Eur. J. Entomol. 108 (3): 447-452, 2011 | 10.14411/eje.2011.057

Changes in the life history traits of the European Map butterfly, Araschnia levana (Lepidoptera: Nymphalidae) with increase in altitude

Kathrin D. WAGNER1,2, Jochen KRAUSS1,2, Ingolf STEFFAN-DEWENTER1,2
1 Population Ecology Group, Department of Animal Ecology I, University of Bayreuth, Universitätsstrasse 30, 95447 Bayreuth, Germany; e-mail: kathrin.wagner@uni-bayreuth.de
2 Department of Animal Ecology and Tropical Biology, University of Würzburg, Biocentre, Am Hubland, 97074 Würzburg, Germany

Climatic conditions can modify the life history traits, population dynamics and biotic interactions of species. Therefore, adaptations to environmental factors such as temperature are crucial for species survival at different altitudes. These adaptive responses, genetically fixed or plastic (phenotypic plasticity), can be determined by physiological thresholds and might vary between sexes. The objective of this study was to determine whether the life history traits of the European Map butterfly (Araschnia levana) differ at different altitudes. A field experiment was carried out along an altitudinal gradient from 350 to 1010 m a.s.l. in a low mountainous region (Bavaria, Germany). 540 butterfly larvae were placed at different altitudes in 18 planted plots of their larval host plant, the stinging nettle (Urtica dioica). After three weeks the larvae were collected and reared under laboratory conditions. Developmental traits of the butterflies, mortality and percentage parasitism were measured. Larval development was generally slower at higher altitudes and lower temperatures and larval weight decreased with increasing altitude and decreasing temperature. However, there were no significant differences in pupation, adult lifespan and percentage mortality at the different altitudes and temperatures. Female larvae were heavier than those of males, and the pupal and adult lifespans were longer in females than in males. However, male and female butterflies reacted similarly to altitude and temperature (no significant interactions). None of the 188 larvae collected were parasitized. In conclusion, the phenotypic plasticity of European Map butterfly has enabled it to adapt to different temperatures, but the strategies of the sexes did not differ.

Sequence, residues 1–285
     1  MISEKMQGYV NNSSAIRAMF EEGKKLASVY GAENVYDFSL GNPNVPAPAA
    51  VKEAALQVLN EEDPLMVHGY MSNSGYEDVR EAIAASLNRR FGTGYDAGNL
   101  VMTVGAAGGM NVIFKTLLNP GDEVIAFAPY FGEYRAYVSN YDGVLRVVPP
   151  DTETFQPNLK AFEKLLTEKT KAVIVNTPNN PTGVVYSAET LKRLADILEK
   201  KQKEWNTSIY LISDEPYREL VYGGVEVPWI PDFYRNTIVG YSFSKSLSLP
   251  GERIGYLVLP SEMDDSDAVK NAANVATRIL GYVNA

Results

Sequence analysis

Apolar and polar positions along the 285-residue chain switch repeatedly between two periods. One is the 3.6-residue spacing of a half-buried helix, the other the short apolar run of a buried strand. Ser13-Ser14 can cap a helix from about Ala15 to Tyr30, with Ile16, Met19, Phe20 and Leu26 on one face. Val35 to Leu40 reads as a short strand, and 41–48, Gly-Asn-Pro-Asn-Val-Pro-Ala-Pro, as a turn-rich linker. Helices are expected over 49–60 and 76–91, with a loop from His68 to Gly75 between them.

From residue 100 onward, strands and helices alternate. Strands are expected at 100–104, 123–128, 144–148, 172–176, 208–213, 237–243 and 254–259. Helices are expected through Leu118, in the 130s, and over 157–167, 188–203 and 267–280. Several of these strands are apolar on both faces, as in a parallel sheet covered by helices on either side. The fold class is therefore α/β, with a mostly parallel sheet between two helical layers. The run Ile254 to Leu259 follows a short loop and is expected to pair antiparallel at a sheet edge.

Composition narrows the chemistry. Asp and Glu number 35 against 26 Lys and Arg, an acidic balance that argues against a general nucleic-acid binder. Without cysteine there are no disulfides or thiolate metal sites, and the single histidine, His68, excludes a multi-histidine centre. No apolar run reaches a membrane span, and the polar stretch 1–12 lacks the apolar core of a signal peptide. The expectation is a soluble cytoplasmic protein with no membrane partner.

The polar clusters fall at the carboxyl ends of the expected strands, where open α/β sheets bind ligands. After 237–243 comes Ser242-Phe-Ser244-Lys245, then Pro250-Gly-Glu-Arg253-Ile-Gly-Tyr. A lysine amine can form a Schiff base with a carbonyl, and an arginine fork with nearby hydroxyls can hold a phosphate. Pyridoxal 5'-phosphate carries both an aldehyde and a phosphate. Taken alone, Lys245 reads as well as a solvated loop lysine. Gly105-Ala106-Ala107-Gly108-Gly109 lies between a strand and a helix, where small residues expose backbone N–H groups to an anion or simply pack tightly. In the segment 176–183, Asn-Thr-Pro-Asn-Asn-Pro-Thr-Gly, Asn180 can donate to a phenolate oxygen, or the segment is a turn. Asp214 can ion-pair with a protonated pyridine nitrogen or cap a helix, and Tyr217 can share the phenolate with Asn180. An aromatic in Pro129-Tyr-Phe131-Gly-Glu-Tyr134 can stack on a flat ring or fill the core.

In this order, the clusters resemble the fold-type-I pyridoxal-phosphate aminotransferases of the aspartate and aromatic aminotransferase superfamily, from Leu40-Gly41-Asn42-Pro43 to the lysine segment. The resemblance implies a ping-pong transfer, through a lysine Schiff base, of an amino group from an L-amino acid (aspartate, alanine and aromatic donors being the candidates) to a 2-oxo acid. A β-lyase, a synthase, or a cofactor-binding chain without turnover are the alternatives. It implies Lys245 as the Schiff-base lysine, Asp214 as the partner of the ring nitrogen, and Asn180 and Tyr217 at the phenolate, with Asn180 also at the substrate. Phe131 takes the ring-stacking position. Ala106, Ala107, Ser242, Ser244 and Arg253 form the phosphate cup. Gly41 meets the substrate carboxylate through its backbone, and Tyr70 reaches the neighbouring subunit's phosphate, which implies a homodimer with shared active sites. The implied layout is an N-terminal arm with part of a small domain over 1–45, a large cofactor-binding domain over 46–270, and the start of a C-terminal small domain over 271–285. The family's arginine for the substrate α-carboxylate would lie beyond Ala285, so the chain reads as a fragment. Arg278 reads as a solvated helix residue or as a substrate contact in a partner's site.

Keywords: Nymphalidae, Araschnia levana, global change, altitudinal gradients, trophic interactions, geographical synchronisation

Received: November 18, 2010; Accepted: February 1, 2011; Published: July 1, 2011

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